The Friday Funny: The “dead horse” evaluation

According to the wisdom of the unattributed traditional saying, passed on from website to website,

When you discover that you are riding a dead horse, the best strategy is to dismount.

We have been studying a particular species of evaluation report that has been known to take a quite different approach to the evaluation of dead horses:

  1. Declaring that, as the dead horse does not have to be fed, is less costly, carries lower overhead, it therefore yields a substantially greater return on investment for the economy than do some other horses.
  2. Rewriting the expected performance requirements on all horses.
  3. Undertaking a cost analysis to see if it is cheaper for outside contractors to ride the dead horse.

Like many related species of evaluation report (including the ones mentioned by Tererai Trent in one of yesterday’s posts),  these dead horse evaluations often make astounding logical leaps, skipping over irritating pieces of data that mess up the analysis, such as the minor detail of the horse having no heartbeat.

Recommendations to the client include such sage advice as:

  1. Buy a stronger whip.
  2. Change riders.
  3. Threaten the horse with termination.
  4. Appoint a committee to study the horse.
  5. Arrange to visit other countries to see how others ride dead horses.
  6. Harness several dead horses together to increase the speed.
  7. Provide additional funding and/or training to increase the dead horse’s performance.
  8. Do a productivity study to see if lighter riders would improve the dead horse’s performance.
  9. Promote the dead horse to a supervisory position.

13 comments to The Friday Funny: The “dead horse” evaluation

  • Salaam

    I think evaluation and transparency have the same story! Now I read a transparency story under title: Transparency is Dead. Long Live Transparency.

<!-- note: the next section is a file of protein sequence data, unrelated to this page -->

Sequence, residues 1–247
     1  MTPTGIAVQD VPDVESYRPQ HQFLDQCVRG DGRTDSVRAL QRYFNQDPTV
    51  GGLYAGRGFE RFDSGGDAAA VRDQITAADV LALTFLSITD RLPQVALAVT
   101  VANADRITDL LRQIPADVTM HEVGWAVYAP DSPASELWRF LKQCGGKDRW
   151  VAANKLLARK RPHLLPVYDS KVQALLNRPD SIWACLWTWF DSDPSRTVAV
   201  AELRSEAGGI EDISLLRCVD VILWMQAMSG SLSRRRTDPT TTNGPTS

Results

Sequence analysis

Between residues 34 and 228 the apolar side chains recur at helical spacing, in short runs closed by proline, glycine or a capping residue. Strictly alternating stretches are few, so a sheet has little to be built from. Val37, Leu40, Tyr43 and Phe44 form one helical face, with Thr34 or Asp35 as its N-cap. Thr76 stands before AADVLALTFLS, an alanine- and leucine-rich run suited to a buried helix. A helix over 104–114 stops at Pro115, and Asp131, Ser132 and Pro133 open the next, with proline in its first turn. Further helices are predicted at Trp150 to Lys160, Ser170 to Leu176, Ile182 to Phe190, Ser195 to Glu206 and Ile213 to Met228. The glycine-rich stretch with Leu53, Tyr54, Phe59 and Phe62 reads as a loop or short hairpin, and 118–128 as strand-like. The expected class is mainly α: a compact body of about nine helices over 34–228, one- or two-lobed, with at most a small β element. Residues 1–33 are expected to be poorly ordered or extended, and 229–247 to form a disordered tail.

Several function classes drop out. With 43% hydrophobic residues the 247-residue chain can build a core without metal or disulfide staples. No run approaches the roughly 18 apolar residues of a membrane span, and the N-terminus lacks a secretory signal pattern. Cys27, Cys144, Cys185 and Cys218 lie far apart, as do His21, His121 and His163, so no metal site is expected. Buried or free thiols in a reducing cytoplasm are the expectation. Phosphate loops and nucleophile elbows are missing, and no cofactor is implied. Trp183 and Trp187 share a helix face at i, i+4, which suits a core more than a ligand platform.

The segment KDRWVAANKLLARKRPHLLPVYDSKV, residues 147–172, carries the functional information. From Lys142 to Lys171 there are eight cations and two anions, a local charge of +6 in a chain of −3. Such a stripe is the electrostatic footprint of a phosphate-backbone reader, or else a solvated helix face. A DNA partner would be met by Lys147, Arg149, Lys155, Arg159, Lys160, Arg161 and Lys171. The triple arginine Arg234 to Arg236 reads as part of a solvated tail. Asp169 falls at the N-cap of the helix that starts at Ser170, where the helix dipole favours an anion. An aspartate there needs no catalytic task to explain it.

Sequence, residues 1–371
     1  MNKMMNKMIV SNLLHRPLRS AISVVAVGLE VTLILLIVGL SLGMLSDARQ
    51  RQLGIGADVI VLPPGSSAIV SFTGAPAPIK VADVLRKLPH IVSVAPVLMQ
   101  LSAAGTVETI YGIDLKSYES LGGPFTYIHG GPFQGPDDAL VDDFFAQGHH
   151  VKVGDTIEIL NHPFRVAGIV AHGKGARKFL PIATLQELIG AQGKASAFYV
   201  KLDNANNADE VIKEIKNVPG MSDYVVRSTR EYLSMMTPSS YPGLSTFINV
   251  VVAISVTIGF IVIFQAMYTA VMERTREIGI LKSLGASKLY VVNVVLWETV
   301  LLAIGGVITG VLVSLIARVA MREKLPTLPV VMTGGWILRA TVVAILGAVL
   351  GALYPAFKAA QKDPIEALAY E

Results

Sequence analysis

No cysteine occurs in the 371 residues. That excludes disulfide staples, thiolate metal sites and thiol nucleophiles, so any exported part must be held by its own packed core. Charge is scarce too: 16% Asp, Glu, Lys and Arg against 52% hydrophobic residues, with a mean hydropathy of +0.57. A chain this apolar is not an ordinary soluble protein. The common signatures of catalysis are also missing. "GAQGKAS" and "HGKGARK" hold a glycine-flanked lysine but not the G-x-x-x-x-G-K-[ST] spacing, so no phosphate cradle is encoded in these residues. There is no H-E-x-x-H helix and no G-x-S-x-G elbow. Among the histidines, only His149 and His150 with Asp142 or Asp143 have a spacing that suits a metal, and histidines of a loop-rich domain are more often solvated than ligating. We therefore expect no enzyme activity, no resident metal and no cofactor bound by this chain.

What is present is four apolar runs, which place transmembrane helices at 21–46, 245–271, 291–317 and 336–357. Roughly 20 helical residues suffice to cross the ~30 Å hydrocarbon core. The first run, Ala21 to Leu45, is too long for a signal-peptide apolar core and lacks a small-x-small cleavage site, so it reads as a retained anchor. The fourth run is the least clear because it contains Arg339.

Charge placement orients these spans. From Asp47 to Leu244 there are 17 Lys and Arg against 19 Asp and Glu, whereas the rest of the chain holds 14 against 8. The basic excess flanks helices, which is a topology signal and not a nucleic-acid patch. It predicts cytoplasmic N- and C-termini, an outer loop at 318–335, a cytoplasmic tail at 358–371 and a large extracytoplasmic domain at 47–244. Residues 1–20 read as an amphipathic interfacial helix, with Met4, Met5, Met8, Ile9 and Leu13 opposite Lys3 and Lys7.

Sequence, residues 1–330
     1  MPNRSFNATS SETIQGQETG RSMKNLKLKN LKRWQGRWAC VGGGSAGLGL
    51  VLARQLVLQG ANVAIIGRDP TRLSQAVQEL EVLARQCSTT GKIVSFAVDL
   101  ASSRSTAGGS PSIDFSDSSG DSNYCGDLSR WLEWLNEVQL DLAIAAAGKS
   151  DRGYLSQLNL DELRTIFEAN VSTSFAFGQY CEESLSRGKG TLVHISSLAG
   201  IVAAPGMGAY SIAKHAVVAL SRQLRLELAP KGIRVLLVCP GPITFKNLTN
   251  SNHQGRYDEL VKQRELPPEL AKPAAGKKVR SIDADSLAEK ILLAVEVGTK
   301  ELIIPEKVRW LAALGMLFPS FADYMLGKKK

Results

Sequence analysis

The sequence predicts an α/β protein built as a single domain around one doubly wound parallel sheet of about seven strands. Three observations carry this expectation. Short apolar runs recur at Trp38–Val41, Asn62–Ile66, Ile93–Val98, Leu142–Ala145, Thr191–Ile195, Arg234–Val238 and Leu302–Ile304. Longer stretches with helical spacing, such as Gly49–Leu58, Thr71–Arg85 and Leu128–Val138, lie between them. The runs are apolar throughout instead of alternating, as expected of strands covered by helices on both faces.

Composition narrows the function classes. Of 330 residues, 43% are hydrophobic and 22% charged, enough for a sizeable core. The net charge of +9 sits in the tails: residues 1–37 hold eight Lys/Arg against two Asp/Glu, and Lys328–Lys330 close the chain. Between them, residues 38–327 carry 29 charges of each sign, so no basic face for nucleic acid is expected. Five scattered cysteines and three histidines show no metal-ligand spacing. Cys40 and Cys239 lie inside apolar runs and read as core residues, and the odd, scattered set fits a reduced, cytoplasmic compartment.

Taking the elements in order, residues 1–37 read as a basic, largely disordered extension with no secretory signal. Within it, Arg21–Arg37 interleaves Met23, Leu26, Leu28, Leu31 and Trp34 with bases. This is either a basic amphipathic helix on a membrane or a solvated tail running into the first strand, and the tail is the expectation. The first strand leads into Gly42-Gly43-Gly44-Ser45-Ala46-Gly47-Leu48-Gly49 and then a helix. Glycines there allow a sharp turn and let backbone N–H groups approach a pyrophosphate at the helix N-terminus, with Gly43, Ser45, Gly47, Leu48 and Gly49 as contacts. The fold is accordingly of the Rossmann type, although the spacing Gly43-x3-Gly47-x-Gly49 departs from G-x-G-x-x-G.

http://govfresh.com/2010/09/transparency-is-dead-long-live-transparency/

    Please read this article for problem solving in both.

    Best

    Moein

  • Patricia Rogers

    Thanks for that link, Moein. I thought these comments distinguishing between transparency and accountability were particularly interesting:

    “I love transparency and completely agree that it is a necessity for open government. But transparency alone is not enough.

    I say it’s a false god because the real goal is accountability. Transparency is only the lens through which accountability can be determined. Once data is verified, or a transgression is uncovered in the data, what do we do? Well today, we announce it publicly and expect the appropriate agency to respond out of fear and embarrassment.

    There has to be a better way!

    Enter participation and collaboration. How nice would it be if every time a transgression was discovered, there was a reliable way to not only ensure that the information could get to the people within government that could fix it (participation); but in addition, if the various offices and individuals that were responsible had the ability to work together to actually solve the problem (collaboration).”

    I like the focus on going beyond the “What” of reporting, to “So what” and “Now what”. Still pondering whether participation and collaboration are always going to be involved in the consequential processes.

  • Salaam All,

    It is not as if the sky is falling, but why this horse poops?
    Who is accountable? Who is transparent? Who don’t? What is transparency in evaluation directing?